Musician/anthropologist Rob Boonzajer Flaes (74, rear) decided in the autumn of 1956 to emigrate together with brothers Steven (70, mathematician, front left) and Michiel (72, schoolmaster) from their house at 29 Loderstraat in the Eindhoven district of Strijp.
‘Hold still,’ cried our father. He wanted us to pose. We walked on. It wasn’t that when he told us to do something, we did it. Moreover, we were on our way: telling the neighborhood that we were going to emigrate. We had come to Eindhoven from Zeist because of work for father at Philips. The company offered four employees their own house, on the condition that they build one themselves. Strijp was a real Philips neighbourhood, with a strict separation between Catholic people from Brabant and non-Catholic imports. For us children it was often fighting in the neighborhood. Steven sometimes says: ‘Give me a hostile environment and I’ll feel right at home.’ I recognize that. That makes me sharp. At home we received recorder lessons from our mother. She was the daughter of a musician and far too ambitious to be a housewife. Somehow, having children was the tragedy in her life. Our father had been through a lot in the war, never spoke about it, but had his moods. We learned to tell jokes and curse well from him. All three of us only started to feel at home when we went to study in Amsterdam. Luckily there were grandfathers around at the time. They had all kinds of clubs: for disassembling radios, collecting stamps, or carpentry. For example, we made our emigration vehicle called Kameleon, just like Sietse and Hielke from the book of the same name. At the time, emigrating seemed an enticing prospect. But of course nothing came of it. Fortunately, despite the necessary headwind, there was a lot of laughter at home in those years too.”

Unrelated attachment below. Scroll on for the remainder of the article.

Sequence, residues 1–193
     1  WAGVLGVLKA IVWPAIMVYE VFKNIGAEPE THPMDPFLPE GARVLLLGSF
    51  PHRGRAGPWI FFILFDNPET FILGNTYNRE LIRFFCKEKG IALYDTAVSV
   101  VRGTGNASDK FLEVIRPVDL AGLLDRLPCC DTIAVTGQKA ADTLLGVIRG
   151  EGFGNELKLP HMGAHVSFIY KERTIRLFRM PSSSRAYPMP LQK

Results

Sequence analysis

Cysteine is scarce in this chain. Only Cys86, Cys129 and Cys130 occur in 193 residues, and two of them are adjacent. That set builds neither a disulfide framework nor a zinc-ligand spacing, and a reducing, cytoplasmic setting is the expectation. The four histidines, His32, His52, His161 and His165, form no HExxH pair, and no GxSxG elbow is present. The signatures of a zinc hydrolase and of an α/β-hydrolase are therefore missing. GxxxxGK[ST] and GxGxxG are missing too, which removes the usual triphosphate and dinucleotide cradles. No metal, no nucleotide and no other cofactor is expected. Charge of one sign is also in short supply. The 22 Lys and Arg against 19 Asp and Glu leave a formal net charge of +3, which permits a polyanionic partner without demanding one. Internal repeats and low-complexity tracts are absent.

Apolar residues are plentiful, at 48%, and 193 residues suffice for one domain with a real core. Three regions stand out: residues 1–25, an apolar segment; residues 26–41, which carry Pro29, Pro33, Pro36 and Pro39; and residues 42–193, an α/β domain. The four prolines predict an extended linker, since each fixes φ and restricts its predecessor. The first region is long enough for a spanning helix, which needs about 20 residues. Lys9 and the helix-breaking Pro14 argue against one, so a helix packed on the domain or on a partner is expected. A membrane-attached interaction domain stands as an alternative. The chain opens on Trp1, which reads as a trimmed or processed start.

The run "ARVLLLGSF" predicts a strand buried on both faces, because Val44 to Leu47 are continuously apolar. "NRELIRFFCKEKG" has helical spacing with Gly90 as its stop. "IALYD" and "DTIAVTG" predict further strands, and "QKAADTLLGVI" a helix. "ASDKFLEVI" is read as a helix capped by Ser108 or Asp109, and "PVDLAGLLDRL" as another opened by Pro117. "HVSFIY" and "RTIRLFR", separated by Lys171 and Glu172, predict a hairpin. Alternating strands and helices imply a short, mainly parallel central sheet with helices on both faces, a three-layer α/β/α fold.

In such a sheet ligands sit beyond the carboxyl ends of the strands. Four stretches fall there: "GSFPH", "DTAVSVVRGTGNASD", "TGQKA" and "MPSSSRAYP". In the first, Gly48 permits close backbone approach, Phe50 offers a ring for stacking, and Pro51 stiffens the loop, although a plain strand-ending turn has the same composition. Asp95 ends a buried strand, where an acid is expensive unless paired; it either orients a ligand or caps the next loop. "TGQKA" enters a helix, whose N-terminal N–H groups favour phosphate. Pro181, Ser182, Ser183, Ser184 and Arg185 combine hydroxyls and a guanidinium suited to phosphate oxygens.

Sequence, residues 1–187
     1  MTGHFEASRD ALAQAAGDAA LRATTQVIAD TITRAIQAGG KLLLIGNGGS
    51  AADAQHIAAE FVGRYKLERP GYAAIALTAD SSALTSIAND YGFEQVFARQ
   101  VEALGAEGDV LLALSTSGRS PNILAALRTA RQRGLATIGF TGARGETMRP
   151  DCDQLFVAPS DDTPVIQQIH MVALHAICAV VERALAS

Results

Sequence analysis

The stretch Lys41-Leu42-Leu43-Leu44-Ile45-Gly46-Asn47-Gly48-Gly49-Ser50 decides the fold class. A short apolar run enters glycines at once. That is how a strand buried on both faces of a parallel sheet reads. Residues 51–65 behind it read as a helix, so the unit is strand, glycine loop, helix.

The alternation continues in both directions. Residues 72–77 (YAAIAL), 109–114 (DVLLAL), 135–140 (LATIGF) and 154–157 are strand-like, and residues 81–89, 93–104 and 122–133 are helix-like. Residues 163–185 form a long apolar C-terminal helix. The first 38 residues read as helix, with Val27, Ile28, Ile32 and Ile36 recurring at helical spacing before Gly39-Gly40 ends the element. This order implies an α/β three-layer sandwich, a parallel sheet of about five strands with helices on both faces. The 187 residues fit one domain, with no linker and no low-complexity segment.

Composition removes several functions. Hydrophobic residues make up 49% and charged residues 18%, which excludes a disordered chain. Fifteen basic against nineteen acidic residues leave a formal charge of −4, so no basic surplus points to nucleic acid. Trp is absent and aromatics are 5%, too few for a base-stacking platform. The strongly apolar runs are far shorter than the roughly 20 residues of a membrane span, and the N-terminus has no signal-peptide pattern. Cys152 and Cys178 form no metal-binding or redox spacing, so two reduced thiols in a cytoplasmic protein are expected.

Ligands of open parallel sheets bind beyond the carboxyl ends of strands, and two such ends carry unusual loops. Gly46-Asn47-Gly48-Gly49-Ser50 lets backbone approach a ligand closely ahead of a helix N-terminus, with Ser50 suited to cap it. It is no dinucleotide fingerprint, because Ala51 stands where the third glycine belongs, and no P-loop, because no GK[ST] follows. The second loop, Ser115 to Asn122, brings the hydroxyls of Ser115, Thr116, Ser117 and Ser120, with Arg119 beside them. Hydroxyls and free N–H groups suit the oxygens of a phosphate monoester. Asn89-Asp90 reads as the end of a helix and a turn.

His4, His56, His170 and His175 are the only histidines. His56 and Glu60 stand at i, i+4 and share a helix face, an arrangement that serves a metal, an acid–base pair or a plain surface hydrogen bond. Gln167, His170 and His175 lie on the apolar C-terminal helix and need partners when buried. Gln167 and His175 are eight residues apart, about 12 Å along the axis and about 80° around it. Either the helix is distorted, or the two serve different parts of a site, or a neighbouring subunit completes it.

A version of this article also appeared in NRC on the morning of June 16, 2021